Alysia Gonzales



Alysia Gonzales was born and raised in San Francisco.  She attends the MFA program for Fiction at San Francisco State University. Being of Chicanx, Latinx, Indigenous, Filipinx, Puerto Rican, Greek, and more ancestry, her work grapples with race, class, identity, family, and ancestors. Her work has appeared or is forthcoming in The Ana and Seventh Wave Magazine. She is a 2021 Seventh Wave Editorial Resident. She is currently working on a short story collection about class and race, and a novel about indigenous culture, California mountains, climate change, indigenous history, and fire.




Even the plants are dying, their brown leaves limp and ragged against the windy shoulder.  No wonder, they’re growing on the highway. Too much poison.  Already two hours in this car and just barely crawling into the Central Valley.  But that’s always how she was, slow and lagging, paralyzed by decision, stilled by the call to action.  If she were ever caught in quicksand, she’d find her mouth full of grainy grit before ever noticing that the horizon was higher than she remembered.  I don’t understand how she’s so quiet, so still in the driver’s seat.  In this heat, I can’t stop fidgeting.  My legs are sticking to the seat, the air from the windows is hardly enough to dry the beads of sweat on my lip, in the crevices of my neck, underneath the wire of my bra, pushing into my skin and leaving some deep red mark from the pressure.  Her suitcase in the back is neatly zipped, the glossy surface free of any streaks.  She’s even done her makeup.  The powder of her foundation sits on the fuzzy hair of her cheek, barely enough to cover up the bruise still growing underneath her large brown sunglasses.  I can’t stop thinking about her face in the bathroom doorway, the way she folded each blouse as she packed it, smoothing out wrinkles with the back of her hand whose shaking fluttered the fabrics like they were flags in the wind, waving freely with a coastal breeze.  We were both afraid he might come back before we saw our front door disappear in the rear view mirror of the car she rented.  But he didn’t.  Four hours of silence.  Not a peep.  But we both know he would have come back if we had waited.  He always came back.  A day, a week, but eventually he’d return. And then maybe that time would be different.  Maybe that time would have been the last time. 

She said We’re leaving with her back toward me as I stared at her from her bedroom door.  Two hours, you’ve got two hours, we’re not coming back.  The clothes in my dresser felt alien to me, like I had never seen them before.  This shirt?  Where did it come from, its plaid pattern was printed and faded with wear, the wrinkles in the sleeves spidered up to the shoulder, I didn’t smooth my shirts as I packed them, I didn’t know.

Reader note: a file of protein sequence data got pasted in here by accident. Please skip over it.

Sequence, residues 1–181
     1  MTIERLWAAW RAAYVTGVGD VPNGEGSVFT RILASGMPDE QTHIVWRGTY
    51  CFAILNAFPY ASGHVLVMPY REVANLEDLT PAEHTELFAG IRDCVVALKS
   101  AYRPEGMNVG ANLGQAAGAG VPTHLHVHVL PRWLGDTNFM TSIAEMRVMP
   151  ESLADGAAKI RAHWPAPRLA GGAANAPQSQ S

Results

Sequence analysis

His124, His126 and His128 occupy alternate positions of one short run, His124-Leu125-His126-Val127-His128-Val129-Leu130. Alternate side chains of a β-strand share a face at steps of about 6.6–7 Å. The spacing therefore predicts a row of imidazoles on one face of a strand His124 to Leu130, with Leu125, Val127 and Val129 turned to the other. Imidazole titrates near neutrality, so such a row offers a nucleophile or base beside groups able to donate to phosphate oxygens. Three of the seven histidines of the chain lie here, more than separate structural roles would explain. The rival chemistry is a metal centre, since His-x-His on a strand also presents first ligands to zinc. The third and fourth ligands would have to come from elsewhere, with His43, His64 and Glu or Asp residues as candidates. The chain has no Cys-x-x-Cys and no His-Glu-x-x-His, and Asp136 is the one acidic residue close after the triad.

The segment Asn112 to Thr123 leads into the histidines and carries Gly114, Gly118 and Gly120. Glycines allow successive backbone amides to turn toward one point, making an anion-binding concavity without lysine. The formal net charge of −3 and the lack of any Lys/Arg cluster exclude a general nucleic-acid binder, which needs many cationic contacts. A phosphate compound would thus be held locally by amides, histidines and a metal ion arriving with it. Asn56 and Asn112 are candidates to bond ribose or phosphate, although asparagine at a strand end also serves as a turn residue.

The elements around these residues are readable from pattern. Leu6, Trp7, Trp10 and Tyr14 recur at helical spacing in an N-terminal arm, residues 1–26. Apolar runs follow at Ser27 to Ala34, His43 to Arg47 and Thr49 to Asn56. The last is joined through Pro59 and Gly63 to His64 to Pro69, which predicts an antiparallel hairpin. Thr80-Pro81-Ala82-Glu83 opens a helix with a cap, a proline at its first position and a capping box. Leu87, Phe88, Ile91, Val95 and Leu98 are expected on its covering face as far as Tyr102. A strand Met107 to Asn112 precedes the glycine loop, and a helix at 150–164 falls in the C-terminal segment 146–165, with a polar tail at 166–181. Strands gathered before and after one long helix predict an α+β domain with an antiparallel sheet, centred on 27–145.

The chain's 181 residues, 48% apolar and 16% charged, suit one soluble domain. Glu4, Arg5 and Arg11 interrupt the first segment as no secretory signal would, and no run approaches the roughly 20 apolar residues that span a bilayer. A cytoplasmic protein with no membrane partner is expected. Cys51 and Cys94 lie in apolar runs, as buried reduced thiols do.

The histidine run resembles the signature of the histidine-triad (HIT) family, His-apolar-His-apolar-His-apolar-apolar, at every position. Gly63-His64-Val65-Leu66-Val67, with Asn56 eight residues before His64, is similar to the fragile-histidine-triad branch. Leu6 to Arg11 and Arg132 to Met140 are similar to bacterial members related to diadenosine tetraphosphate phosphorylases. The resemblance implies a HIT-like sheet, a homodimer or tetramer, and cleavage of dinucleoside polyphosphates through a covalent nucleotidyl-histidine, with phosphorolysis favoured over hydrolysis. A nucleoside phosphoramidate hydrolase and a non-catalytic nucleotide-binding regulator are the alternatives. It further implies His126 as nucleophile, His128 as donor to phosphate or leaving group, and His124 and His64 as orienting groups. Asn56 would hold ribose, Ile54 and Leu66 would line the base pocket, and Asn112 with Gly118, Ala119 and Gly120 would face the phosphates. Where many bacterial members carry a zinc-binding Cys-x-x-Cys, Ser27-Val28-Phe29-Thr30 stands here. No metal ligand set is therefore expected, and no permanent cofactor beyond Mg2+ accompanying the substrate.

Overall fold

Mismatched socks, a faded and ratty shirt that I hadn’t worn in years that, in the moment, I thought could work as pajamas but.  Hey.  This is the happy ending, right?  The part where we leave?

Leaving, something I had fantasized about, something that I thought would forever be a fantasy.  When I was eight, I grabbed the bandana I got from the free outdoor summer camp and tied a loaf of bread, a block of cheddar cheese, and a plastic bag of unmarked deli meat to a stick like a hitchhiker out of some kid’s comic book and left through the garage door, thinking I’d never come back.  I made it to the concrete playground of the school two blocks away and sat, feeling the cheddar cheese get stuck behind my front teeth.  It was cold, I had no money, so I turned around.  And when I came back, I saw Mom staring down from the bedroom window, watching me return.  We said nothing about it.

Plants can’t move at all, they’re rooted to the spot.  Born next to the sooty highway, sucking up whatever comes out the backside of all these cars?  Tough luck.  That’s life I guess.  But even these plants, they found a way, the sun shines even here.  Even if the rains don’t fall as much as expected, or there’s drought, or a crazy wildfire, eventually the rain has got to come back, to cover the fields here like some blanket dragged over the rolling hills, conforming to their curves, embracing the plains of Central California.  Or maybe the rains are never as good as they hope, or the sun can’t get through these hazy, polluted skies.  Maybe that’s why the stalks, even though they’re trying their best, lean to the side, lose their fight with gravity.  In the wind from passing cars, I can see specks of dry, brittle leaves scatter, leaving each stalk angular and cracked.  I wonder if they would leave too if they could.

My stomach lurches from a bump in the road, or from the speed Mom is driving, or from everything else.   My nausea creeps up on me, crawls with tiny seeking fingers into the area behind my belly button.  But this is good, right?  Better than the plants.  Better than the doomed plants.  The plants would leave if they could, I decide.  But the best these plants can hope is that their seeds get out, spreading somewhere less poisonous, but, will the seeds even survive the trip?  Will they even make it?  Or will the walls of their cellular membrane, thin and undernourished from the lack of a steady sun, kill them anyway? So then what do they do?  Stay nearby and poison themselves, or ride on polluted wind to some other kind of death?  How do you make a decision like that?